In our TLE sample, the correlation between the two temporal lobes appeared to be positive and did not vary by experimental group, suggesting that this connectivity is not altered by the presence of interictal activity in the contralateral temporal lobe. In the case of the bilateral groups, our data suggest that in the absence of detectable structural damage in regions contralateral to the primary epileptogenic focus, these areas with epileptiform (interictal) activity do show strong FC to the ictal temporal lobe. In the case of the unilateral groups, patients with TLE showed significant anti-correlated activity in regions outside the ictal temporal lobe, most strongly involving the contralateral (non-ictal) hemisphere, with the precuneus a prominent location for the negative connectivity in both groups. In contrast, neither of the bilateral groups shows such contralateral (non-ictal) anti-correlated activity, a quite striking finding.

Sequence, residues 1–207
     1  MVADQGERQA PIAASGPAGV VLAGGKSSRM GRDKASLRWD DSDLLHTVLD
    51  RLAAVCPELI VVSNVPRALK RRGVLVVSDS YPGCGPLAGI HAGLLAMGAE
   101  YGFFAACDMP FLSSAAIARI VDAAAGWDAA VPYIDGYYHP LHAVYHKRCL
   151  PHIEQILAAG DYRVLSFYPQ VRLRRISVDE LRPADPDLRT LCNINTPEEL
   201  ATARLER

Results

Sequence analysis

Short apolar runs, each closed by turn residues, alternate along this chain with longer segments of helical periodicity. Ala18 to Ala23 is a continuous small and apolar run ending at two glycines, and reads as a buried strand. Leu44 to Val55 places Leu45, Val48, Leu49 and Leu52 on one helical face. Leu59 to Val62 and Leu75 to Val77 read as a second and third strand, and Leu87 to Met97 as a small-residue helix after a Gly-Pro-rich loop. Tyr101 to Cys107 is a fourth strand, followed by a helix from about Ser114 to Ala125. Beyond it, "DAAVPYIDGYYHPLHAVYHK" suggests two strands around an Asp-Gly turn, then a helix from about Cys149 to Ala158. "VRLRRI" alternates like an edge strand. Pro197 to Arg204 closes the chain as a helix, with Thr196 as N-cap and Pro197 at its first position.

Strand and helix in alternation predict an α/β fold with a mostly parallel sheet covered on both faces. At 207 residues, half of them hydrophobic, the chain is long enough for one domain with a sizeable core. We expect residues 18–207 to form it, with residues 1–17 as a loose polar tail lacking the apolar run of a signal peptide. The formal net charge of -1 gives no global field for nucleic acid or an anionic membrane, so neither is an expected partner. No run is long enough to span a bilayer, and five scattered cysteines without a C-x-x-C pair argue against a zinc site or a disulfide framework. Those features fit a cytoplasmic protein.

When FC patterns associated with longer duration of seizures are taken into account in the unilateral groups, the negative connectivity with areas outside the temporal lobe was more spatially limited than in the original unilateral group analyses, involving only the precuneus (see Table 4 and Fig. 4). Thus, in the case of both the left and right unilateral groups individuals with longer duration of epilepsy showed strong negative connectivity between the ictal temporal lobe and the precuneus region. No significant effect associated with duration was observed in the right bilateral group. For the left bilateral group, a set of left hemisphere regions (inferior temporal, right frontal) showed increased positive connectivity with the left temporal ROI in association with longer duration epilepsy, and one region, the ventral thalamus, showed negative connectivity.